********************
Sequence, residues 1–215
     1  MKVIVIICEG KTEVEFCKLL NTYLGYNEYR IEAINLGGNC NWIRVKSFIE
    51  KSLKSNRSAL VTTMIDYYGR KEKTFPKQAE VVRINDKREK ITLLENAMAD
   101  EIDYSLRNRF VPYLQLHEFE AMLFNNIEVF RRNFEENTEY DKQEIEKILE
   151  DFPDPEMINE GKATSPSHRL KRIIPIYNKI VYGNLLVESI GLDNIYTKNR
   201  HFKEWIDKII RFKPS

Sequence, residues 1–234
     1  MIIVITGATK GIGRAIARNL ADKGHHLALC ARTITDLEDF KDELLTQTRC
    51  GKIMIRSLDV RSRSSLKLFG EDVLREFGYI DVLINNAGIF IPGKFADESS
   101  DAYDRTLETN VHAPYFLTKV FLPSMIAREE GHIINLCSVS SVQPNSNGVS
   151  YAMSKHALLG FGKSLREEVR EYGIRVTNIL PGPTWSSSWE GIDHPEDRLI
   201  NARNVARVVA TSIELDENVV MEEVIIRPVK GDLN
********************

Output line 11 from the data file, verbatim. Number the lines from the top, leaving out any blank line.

   151  YAMSKHALLG FGKSLREEVR EYGIRVTNIL PGPTWSSSWE GIDHPEDRLI